I received an ARC of this book from the publishing company Tachyon Publications in exchange for a fair and honest review.
Unholy Land by Lavie Tidhar is a highly inventive mindfuck of a book, but one I wish had been more fleshed out.
The story is set in an Alternate Universe Jewish homeland called ‘Palestina’, located in East Africa. (This is based on a real early 20th-century plan, “the Uganda Scheme”, where a part of British-colonised East Africa would be made into a country for Jewish people.) Lior Tirosh is a SFF pulp-fiction author who had emigrated from Palestina to Europe but is now returning. Things aren’t going well back home: tensions are high between the Jews and the Africans, with occasional terrorist attacks and a huge wall to keep out refugees under construction. When Tirosh finds out his niece, who’d been protesting the wall, has gone missing, he too gets caught up in the larger conflict.
This book is a weird, twisty mess that I think will be right up a lot of people’s alley. Although, to be honest, the twistiness is making this review hard to write: partway through, Unholy Land changes from just Alternate Universe to have more sci-fi elements — and I think it’s funner to just go in blind. Note: the meta elements, e.g. the author’s and main character’s initials, professions, and very, very broad life stories mirroring each other, is deliberate. The POVs chosen are also fun. There’s standard third-person for Tirosh — and then also a first-person from the secret agent shadowing him (and a second-person later too).
However, putting those elements aside, as with most Alternate Universes, the similarities and differences to our worlds push the reader off-kilter in a delightful way. Palestina’s bloody relationship with the original inhabitants is depressingly familiar; the kind German nurse with a neat little swastika patch on her uniform is not. Nevertheless, the world is described convincingly enough that it’s easy to slip right in:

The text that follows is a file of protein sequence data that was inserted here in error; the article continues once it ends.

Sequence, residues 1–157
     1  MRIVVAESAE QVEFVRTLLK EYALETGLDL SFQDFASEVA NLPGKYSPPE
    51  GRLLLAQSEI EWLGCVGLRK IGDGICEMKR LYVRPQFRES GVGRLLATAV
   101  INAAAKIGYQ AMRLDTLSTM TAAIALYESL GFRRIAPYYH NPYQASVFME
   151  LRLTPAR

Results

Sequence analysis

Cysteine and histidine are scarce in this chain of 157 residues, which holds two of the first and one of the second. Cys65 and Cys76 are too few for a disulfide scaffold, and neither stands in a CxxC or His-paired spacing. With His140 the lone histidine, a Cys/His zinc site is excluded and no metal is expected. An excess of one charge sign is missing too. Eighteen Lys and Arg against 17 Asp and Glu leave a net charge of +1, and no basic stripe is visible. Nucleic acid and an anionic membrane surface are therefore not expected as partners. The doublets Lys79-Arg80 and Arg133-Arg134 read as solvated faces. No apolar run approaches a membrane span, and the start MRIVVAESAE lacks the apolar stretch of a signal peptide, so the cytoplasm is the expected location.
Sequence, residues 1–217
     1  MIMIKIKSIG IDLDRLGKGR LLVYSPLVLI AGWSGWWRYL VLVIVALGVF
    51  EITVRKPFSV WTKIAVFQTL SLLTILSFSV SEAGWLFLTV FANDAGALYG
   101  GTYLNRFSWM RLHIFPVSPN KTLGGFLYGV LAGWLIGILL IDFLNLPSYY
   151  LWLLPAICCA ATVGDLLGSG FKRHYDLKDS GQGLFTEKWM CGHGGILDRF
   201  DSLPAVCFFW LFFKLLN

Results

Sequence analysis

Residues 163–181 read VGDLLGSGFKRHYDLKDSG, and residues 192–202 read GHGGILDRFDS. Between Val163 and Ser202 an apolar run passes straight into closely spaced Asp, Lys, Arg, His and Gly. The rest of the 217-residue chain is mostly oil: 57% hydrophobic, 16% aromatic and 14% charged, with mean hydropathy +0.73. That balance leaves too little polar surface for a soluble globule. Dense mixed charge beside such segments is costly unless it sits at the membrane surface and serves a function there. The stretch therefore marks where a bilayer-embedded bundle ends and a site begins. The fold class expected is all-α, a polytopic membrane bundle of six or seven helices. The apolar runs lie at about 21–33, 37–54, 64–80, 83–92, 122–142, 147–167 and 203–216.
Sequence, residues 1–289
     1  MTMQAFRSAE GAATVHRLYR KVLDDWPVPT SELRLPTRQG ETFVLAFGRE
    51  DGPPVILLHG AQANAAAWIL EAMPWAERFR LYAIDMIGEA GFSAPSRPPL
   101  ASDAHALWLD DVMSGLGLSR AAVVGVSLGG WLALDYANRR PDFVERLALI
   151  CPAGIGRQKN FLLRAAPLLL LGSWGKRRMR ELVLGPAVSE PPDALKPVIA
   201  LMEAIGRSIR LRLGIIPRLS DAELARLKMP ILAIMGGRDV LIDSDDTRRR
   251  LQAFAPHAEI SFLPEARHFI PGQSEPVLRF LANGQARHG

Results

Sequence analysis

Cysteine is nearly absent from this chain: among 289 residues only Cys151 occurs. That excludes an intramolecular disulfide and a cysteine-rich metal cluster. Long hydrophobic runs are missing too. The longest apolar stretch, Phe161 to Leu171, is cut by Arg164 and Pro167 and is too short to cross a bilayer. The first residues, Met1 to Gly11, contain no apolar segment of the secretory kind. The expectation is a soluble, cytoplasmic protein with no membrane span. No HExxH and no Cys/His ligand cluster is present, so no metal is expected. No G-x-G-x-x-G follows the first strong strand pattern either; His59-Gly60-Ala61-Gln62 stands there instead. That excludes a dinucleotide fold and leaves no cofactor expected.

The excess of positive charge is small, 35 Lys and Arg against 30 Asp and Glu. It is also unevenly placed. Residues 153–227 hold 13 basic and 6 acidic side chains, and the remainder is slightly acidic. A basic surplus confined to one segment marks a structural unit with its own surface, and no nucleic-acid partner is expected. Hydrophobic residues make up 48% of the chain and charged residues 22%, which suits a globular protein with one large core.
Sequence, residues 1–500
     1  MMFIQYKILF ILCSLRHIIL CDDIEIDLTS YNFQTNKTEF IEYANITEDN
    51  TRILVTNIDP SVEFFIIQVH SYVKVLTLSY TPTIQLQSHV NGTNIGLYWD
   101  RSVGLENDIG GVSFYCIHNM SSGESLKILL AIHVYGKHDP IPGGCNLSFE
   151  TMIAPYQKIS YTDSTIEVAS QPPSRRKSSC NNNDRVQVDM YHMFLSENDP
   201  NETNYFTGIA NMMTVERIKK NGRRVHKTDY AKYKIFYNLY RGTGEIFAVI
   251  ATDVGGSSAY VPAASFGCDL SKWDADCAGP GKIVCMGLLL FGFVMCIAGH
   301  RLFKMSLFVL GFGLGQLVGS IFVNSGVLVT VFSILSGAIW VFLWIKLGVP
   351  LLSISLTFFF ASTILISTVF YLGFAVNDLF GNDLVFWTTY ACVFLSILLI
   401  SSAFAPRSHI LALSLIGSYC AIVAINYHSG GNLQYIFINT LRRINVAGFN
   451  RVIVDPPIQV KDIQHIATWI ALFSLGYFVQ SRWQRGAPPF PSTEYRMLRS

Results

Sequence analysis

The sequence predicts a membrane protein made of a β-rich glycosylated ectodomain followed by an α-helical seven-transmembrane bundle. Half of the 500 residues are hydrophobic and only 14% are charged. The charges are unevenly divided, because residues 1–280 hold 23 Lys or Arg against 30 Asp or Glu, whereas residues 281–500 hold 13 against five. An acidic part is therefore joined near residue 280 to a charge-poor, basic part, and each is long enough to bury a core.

Soon they were stuck in traffic, going slow, radios blaring outside: kwasa-kwasa music from the Congo, kwaito from Johannesburg, and Malawi reggae, intermixed with klezmer, orchestral music, and the latest Europop hit. Tirosh took it all in. He was home again, and it felt good.
Thematically speaking, the book obviously primarily explores the question of a Jewish homeland. There’s empathy for the European Jews of early 20th-century Europe, but there’s equally a sharp critique of Israel’s brutal policies. I wouldn’t say the conclusions Tidhar draws were particularly eye-opening for me, but it’s definitely intriguing to see how the issue can be explored through SFF. As I mentioned above, another important question is there in part through the “meta” aspect: to what extent history can change through some decision and to what extent are certain paths inevitable?
However, although I enjoyed the concepts in Unholy Land a lot, I felt it needed more space to really hit its potential. There’s a lot of things happening in 288 pages; the climax, in particular, did not feel as hard-hitting as it could have been. There’s tons of tiny details put in (I ended up googling a lot of Jewish history and mysticism — basically everything mentioned is “real” in that sense, not made up by Tidhar). But I think it would have been great to see all of it, from the slightly abrupt plot developments to the theme exploration to those tiny allusions, get a bit more space to breathe.
Altogether, this is a very concept and theme-oriented work, and the concept is strong enough that I recommend checking it out. I recommend the book especially for:
- Fans of the Alternate Universe genre
- Can this book be considered New Weird? It gave me some New Weird vibes anyway
- Fans of China Mieville’s The City & the City
- People interested in Jewish history and mysticism
- Fans of noir mysteries